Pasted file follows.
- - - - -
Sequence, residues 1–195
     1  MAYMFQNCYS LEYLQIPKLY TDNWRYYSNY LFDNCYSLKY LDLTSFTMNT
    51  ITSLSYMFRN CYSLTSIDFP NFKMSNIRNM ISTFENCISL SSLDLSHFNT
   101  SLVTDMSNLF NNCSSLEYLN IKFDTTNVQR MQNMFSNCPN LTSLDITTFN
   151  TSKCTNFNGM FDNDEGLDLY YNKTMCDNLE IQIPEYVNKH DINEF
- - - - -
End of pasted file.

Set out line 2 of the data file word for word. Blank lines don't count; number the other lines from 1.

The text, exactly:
     1  MAYMFQNCYS LEYLQIPKLY TDNWRYYSNY LFDNCYSLKY LDLTSFTMNT